This may help you.
BATTLE FLAG OF THE 46TH GEORGIA REGIMENT
The following article appeared in the Thomaston Herald June 7, l873.
No longer do we here the cannons roar
Or march to the conflict with a manly pride
The storm has passed, the cruel war is over
And the battle flag with care is laid aside
Through the courtesy of our young and talented friend James R. Davis, the battle flag of the 46th. Georgia Regiment, one among the noblest military organizations of the late unhappy conflict, between the two sections of our common country, was exhibited upon the streets of Thomaston a few evenings since. A banner that has proudly waved in many hard fought and contested battles, but never disgraced in a defeat, as its rent and scarred condition most substantially testifies.
An incident connected with it during Gen. Hood's unfortunate campaign, near the close of the war, will doubtless prove interesting to many of your readers, and I will endeavor to portray, or faithfully relate the circumstances connected with it, in as true a light, as memory at this late day will admit of.
It was in the month of November 1864, that the battle of Franklin was fought "short" sharp and sanguinary; and notwithstanding we claimed the victory, it was dearly bought, for upon the field, many of our noblest comrades in arms, shed their blood unto death in defense of their hearthstones and sacred honor.
And the red and lures sun that threw its setting rays upon two moving masses in fierce and bitter conflict for the mastery, on that cold and eventful evening, behold on the morrow's morn hundred of the pale upturned faces of the soldiers in gray that were to be disturbed by war and rumors no more forever. It was on this far famed battle field that the gallant and heroic Davis, entered as a Color Corporal, and notwithstanding he was severely wounded in the latter part of the contest, he so distinguished himself in bearing the colors of his Regt., in the face of what seemed certain death and destruction; after the bearer and the ranking corporals had been killed, or had forsaken them, that its survivors; after the war, unanimously consented, that he should be their proper custodian, and well he deserved the honor for he was as brave a soldier as he is now a true, generous and upright man.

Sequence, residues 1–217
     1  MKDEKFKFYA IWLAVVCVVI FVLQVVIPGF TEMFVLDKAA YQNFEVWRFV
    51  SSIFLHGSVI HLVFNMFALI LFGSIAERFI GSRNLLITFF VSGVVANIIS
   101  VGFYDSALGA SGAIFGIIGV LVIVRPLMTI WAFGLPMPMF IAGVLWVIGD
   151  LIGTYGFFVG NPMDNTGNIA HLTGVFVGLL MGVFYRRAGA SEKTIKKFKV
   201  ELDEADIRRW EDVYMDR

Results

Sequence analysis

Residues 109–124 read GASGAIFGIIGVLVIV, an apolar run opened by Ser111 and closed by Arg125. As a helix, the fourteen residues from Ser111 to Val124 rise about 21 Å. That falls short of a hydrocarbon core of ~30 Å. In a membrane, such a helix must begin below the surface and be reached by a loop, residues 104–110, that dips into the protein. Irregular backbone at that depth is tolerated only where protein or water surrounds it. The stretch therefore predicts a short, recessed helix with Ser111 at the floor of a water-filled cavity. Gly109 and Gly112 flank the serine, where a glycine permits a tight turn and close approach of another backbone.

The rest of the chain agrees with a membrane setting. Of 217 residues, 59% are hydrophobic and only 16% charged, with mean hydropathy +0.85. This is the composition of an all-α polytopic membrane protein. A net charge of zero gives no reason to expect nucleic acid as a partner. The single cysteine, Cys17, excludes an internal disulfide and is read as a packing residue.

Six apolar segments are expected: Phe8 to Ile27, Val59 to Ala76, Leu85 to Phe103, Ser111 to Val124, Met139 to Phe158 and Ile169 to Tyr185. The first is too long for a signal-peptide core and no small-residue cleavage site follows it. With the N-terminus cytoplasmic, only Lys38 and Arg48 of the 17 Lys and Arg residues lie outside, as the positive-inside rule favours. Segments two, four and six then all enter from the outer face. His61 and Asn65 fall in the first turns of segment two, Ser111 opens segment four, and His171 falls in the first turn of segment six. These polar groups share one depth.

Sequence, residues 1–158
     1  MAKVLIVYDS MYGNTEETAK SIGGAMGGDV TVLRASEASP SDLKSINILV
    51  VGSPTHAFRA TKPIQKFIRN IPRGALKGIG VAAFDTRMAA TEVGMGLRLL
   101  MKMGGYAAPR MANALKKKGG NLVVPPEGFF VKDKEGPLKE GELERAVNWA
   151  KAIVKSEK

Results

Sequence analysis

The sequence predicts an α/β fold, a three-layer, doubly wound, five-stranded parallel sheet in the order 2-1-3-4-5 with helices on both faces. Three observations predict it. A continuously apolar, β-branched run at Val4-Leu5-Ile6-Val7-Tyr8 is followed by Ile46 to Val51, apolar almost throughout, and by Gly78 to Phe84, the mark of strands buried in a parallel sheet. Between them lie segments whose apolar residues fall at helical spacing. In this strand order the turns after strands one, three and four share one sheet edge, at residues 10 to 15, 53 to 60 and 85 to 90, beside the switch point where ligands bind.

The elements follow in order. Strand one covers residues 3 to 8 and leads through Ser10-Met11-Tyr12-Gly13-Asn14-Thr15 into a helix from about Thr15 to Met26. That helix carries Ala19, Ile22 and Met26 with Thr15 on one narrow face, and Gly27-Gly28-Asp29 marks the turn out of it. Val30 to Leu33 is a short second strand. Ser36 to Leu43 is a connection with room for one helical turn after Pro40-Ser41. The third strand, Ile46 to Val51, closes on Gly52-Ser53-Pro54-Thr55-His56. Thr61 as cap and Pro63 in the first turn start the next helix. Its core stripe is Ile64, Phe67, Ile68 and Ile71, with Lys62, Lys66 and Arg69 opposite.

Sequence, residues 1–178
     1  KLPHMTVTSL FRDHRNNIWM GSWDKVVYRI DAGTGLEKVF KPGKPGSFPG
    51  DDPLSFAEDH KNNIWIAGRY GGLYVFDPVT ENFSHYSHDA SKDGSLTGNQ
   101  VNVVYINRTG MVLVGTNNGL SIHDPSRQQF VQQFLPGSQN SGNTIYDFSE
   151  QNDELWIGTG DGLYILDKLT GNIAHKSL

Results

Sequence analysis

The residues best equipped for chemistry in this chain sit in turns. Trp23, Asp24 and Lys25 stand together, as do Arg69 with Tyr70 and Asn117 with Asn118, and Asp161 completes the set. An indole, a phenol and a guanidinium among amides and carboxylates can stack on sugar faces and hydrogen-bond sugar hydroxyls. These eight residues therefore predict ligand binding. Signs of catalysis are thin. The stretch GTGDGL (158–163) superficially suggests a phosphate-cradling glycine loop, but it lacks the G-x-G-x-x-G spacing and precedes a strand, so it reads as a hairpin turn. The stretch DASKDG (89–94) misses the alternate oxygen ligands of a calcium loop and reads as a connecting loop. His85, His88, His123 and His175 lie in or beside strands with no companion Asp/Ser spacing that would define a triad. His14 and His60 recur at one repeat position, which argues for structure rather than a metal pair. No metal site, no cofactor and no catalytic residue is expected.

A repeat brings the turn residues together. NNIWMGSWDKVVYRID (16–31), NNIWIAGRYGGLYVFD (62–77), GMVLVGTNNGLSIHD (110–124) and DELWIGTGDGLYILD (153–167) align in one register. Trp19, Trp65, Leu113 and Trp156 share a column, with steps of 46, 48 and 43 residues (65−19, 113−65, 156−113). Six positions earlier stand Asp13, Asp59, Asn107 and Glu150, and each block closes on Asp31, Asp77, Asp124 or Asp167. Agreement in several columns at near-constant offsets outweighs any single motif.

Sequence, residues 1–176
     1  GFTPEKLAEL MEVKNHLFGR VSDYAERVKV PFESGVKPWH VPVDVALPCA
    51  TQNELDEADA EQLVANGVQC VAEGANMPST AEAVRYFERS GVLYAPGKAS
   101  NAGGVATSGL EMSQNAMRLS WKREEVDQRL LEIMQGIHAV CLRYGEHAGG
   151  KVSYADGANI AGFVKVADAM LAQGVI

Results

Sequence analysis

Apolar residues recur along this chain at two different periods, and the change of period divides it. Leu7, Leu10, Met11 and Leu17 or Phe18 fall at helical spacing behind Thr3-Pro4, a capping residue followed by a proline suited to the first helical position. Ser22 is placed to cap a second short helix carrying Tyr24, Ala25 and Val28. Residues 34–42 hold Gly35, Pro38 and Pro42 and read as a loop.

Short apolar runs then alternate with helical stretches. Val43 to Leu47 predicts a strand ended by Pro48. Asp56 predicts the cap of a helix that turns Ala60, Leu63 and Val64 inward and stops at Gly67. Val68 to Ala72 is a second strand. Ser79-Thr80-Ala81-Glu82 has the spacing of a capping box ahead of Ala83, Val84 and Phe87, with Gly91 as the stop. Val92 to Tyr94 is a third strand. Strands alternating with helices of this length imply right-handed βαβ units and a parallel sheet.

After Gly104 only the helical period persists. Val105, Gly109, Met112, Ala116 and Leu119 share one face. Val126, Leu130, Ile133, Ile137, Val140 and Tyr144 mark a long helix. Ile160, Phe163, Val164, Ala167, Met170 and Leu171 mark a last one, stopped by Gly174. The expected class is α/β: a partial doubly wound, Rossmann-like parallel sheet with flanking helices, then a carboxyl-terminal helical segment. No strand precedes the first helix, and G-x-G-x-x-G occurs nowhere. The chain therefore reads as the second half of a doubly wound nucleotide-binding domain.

The above was written by Charles H. Spivey, a member of Company A. 46th Georgia Regiment, who served with James R. Davis. Charles H. Spivey was wounded at Kennesaw Mountain, Georgia. He was captured at Egypt Station, Miss., exchanged and then surrendered at Greensboro, N.C. April 26, l865.
Middle Georgia Times
Saturday, April 24, 1880
Death of Mr. J.R. Davis
Mr. James R. Davis, aged about 35 years died last Thursday morning at half past one o'clock, and was buried yesterday at 10 o'clock in the Thomaston Cemetery by the side of his father.
During the war, while on duty, though sick with the measles, in the darkness and in the rain, he contracted a cough which finally caused his death.
He stated in his last illness that he was satisfied he could not live long, and that his trust was in God. He was constant member of the M.E. Church South, an excellent business man, and loved by all who knew him.
He was a member of the 46th Georgia Regiment and on one occasion while charging the enemy at Franklin, Tenn. The color bearer of his regiment was shot down. He seized the colors and pressing on to the breastworks of the enemy, captured their flag and while bearing in one hand the colors of his regiment and in the other those of the enemy, he too was shot down, but he saved the colors, and he has ever cherished and kept among his most sacred treasures the colors of the old 46th. Georgia. Last Memorial Day when this old banner, perced by many a bullet, tattered and torn was unfurled, strong hearts were moved to tears.
He was brave and generous and true. To these sterling and many virtues were united all the gentleness of a tender and loving nature.
All of us deeply sympathize with those who were nearest to him in the ties of kindred. We are to see his face no more on earth, but we can meet in the other and happier world to which he has gone. Gallant soldier, devoted son, loving bother. May he rest in peace.
Page 898 Upson County History
Colonel Davis (James R. Davis St.) has in his possession a Confederate flag, born by his Uncle, James R. Davis, of the Upson Sentinel's, Company A, 46th Georgia regiment, during the War Between the States. At the battle of Franklin, Tenn., he grasped this flag, when the color bearer was shot down, and carried it until he himself fell wounded, wrapping the flag around him as he fell.. Although he was taken prisoner, the flag was returned to him by the enemy on his release. Later he died of the effects of this wound.
James R. Davis Sr. passed on to James R. Davis Jr. the battle flag. James R. Davis Jr. retained possession of the flag until l982, when he presented it to Bobby C. Smith who passed it on to the Upson Historical Society. The flag is now located a the Pettygrew White Stamps house the home of the Upson Historical Society.
Submitted by Bobby C. Smith.
Gary D. Bray